The Christian and human rights press is all over it. But the only mainstream treatment I saw was from Agence France Press.

Here’s their headline:

Iran ‘annuls death term’ for Christian pastor

So if a court told someone who was facing certain death that he only faced certain death if he refused to recant his faith, would you say that’s an “annulment” of the death sentence? I wouldn’t.

Things don’t look good for Pastor Nadarkhani.

image via Anglicans Ablaze






East Meets West: Sharia Law Sanctioned in UK

Upon hearing about the government sanctioning Sharia law in the United Kingdom, I was immediately concerned that western law was being subverted in an ally country with whom we share a unique history. There are two levels on which there might possibly be concerns. The first possible concern arises when one compares Sharia law to a traditional, Western sense of justice. The second possible concern arises when this event is viewed from a historical perspective. Upon thinking through these possible concerns, I believe that the first one raises interesting questions that Christians especially ought to consider and the second may actually be troubling.

In his speech on the rise of Islam in the United Kingdom and the coming sanctioning of Sharia law, Archbishop Rowan Williams best draws out the nature of the first concern.  Williams said,

And what most people think they know of sharia is that it is repressive towards women and wedded to archaic and brutal physical punishments; just a few days ago, it was reported that a ‘forced marriage’ involving a young woman with learning difficulties had been ‘sanctioned under sharia law’ – the kind of story that, in its assumption that we all ‘really’ know what is involved in the practice of sharia, powerfully reinforces the image of – at best- a pre-modern system in which human rights have no role.

Off-the-hip criticisms of sharia law, especially in the media, will tend to focus around the easiest elements to critique.  Namely, criticism will focus on the areas where sharia law tends to most barbarically separate from traditional, Western ideas of justice.  The contrast between sharia law and Western law is especially easy to notice when one compares the rights of women within the two systems.   In an election year where Hillary Clinton was almost a presidential nominee for one ticket and Sarah Palin is the Vice-Presidential nominee for another, it seems pitiful that there is still a legal and cultural tradition where a man can divorce his wife via text message while the wife cannot divorce her husband save for impotence or his extended absence.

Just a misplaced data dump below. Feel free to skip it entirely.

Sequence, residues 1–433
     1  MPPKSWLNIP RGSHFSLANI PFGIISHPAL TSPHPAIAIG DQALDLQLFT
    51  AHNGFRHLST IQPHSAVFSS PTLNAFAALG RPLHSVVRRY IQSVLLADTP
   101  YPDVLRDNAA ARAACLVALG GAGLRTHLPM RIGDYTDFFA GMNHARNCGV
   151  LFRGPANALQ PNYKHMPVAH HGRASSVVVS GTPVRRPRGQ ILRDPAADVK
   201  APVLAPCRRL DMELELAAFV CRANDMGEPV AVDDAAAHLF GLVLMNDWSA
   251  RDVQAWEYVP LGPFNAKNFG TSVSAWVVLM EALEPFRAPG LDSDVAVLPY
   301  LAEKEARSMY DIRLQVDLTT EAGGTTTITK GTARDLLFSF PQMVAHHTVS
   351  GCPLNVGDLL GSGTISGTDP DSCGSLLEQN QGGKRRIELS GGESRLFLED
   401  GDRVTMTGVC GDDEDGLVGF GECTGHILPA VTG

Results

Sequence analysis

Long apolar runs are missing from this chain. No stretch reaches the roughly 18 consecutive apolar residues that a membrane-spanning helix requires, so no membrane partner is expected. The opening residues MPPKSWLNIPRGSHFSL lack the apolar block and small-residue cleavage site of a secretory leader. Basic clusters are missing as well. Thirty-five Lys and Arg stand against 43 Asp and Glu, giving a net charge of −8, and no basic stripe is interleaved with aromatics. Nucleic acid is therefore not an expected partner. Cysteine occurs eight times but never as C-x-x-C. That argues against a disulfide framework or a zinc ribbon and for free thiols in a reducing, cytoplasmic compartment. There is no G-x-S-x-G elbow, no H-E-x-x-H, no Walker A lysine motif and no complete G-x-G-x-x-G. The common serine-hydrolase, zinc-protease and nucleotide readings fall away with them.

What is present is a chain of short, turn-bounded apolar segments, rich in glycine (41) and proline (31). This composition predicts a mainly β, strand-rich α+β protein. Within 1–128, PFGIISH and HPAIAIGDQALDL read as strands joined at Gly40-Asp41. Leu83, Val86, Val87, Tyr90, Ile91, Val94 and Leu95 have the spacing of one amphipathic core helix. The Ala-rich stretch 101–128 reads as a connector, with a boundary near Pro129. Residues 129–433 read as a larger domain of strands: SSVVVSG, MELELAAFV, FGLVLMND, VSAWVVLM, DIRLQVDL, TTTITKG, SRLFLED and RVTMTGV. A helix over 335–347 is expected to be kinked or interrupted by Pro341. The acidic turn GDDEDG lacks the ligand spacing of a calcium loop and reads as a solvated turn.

Nonetheless, while we believe in the rights of women we simultaneously highly value cultures, especially minority cultures, and their traditions.   We value liberty and the freedoms of those with religious beliefs.  We desire to liberate people from oppressive systems, but we simultaneously believe that we liberate people from oppressive systems so that they may live freely according to their beliefs so long as they are not openly subversive to the state.  At the heart of these beliefs is an interesting tension between free expression and how one chooses to express himself/herself freely.  At the center of the tension are questions about the nature of law which are especially important for Christians to consider.

Continue reading East Meets West: Sharia Law Sanctioned in UK